Site Moderator kgauck's Avatar
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    I think its monastic unarmed fighter that is banned. If you invented or found a OGL source for a wrestler or brawler, that would be as good as mentioning any other OGL source. A lot of the Monk class, however is so Asian that a Vos wrestler or a Rjurik brawler would look very different as a class, even though they might still include the same unarmed fighting abilities.

    Since you can replicate some of this with feats, a separate class may not be necessary.

  4. #4
    Site Moderator Sorontar's Avatar
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    What is a monk?

    Monks were available in AD&D, yet WotC intentionally excluded them from Birthright. The BRCS tries to match the AD&D rules where feasible. Excluding monks seems to be quite reasonable. As you say, house rules that give a basis for them to be included is fine, but certainly not in the BRCS. These house rules are free to be added to the wiki as house rules/alternatives to the BRCS.

    Personally I have always had trouble with what exactly was the role of a monk in any D&D world. Are they religious, ie. a new type of cleric? Are they warriors? Are they psionists? Are they magic-users? Are they just violent hippies? They seem to be oriental mystic priests but people keep trying to relate them to European cultures, e.g. Christian monks, which for me doesn't work. That is why I have trouble fitting them into the very non-oriental based Cerilia.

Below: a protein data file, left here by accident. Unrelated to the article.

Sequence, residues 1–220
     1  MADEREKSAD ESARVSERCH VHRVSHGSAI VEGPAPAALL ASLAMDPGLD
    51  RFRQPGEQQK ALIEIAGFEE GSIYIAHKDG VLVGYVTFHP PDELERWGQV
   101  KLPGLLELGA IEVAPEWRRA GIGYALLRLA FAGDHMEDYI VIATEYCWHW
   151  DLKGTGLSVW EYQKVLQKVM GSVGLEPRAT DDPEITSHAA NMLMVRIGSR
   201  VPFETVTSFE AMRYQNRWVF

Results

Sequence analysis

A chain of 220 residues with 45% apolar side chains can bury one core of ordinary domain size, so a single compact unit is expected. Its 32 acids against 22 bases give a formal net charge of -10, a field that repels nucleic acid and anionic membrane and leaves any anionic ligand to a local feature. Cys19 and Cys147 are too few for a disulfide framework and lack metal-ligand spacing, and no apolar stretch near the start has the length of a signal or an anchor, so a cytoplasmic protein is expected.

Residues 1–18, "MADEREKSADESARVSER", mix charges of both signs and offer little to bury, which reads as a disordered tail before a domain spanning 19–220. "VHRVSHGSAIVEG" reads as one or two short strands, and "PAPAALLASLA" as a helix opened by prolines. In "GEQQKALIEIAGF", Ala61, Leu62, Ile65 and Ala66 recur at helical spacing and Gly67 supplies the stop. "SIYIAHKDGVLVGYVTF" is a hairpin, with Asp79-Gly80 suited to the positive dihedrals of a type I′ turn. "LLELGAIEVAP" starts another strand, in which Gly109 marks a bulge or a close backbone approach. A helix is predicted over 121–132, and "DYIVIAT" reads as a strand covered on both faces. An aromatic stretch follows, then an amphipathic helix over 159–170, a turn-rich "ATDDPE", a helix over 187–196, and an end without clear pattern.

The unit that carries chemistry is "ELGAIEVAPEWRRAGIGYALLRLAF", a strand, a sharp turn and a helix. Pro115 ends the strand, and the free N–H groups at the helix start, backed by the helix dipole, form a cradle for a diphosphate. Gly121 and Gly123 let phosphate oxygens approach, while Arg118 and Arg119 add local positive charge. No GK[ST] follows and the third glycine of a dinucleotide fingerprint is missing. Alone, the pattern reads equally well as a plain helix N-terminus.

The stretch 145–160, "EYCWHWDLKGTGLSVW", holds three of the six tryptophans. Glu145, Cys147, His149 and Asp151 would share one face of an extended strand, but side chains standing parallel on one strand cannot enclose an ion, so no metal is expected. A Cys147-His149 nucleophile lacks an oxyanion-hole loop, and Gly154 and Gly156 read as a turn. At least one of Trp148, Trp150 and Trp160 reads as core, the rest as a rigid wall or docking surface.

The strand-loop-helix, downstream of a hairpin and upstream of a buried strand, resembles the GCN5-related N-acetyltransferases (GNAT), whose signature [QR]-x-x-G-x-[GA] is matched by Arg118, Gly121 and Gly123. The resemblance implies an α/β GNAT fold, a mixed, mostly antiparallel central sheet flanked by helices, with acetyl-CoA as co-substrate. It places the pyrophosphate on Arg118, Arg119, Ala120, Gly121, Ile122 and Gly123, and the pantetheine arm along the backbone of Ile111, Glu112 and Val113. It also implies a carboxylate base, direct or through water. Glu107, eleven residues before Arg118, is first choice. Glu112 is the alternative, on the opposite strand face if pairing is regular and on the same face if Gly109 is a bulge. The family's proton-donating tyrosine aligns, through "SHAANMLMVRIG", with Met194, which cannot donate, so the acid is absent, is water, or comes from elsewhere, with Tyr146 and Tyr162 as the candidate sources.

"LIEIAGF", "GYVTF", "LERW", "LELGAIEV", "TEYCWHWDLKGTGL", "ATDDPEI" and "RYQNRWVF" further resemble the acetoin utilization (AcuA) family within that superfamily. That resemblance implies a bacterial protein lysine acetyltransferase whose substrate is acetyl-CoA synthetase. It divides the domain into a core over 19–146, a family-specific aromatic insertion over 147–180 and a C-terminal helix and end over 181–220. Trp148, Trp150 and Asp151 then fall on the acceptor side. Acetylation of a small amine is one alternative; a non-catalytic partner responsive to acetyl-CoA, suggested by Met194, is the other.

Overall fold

I wish they had found a word other than "monk" to call them.

    Sorontar.

  5. #5
    Site Moderator geeman's Avatar
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    At 02:49 PM 2/6/2008, Sorontar wrote:

    >Personally I have always had trouble with what exactly was the role
    >of a monk in any D&D world. Are they religious, ie. a new type of
    >cleric? Are they warriors? Are they psionists? Are they magic-users?
    >Are they just violent hippies? They seem to be oriental mystic
    >priests but people keep trying to relate them to European cultures,
    >e.g. Christian monks, which for me doesn`t work. That is why I have
    >trouble fitting them into the very non-oriental based Cerilia.

    According to some ancient source I read back in the 80`s the boys
    (Gygax et al) were into Remo Williams: The Destroyer books when they
    penned the info on D&D 1e monks. I don`t know if you`ve read any of
    those books (there was a movie) but they`re... well, they`re fun for
    a chuckle if you want to put your brain on autoread for a bit, but
    generally speaking pretty dumb. At least, those books are to monks
    and the martial arts what G.I. Joe comics are to the U.S. Army Field Manual.

    The other major source of their inspiration was the Kung-Fu TV show,
    which was, uh, well... you know, also good material for putting the
    brain on hold.

    Both those sources, however, feature a kind of omni-powerful martial
    arts character trying to work his way through Western culture. The
    D&D designers were substantially less successful than the creators of
    Remo or Kwai Chang.

    Gary

  6. #6
    I think its monastic unarmed fighter that is banned. If you invented or found a OGL source for a wrestler or brawler, that would be as good as mentioning any other OGL source. A lot of the Monk class, however is so Asian that a Vos wrestler or a Rjurik brawler would look very different as a class, even though they might still include the same unarmed fighting abilities.
    See, I disagree. The naming of the abilities is Asian, yeah, but that doesn't mean you can't have a brawler or wrestler who calls, say, "Diamond Body", "Erik's Perfect Oak" instead. Do we really need a prestiege class or a new core class to represent that?

    It seems to me that the argument is threefold;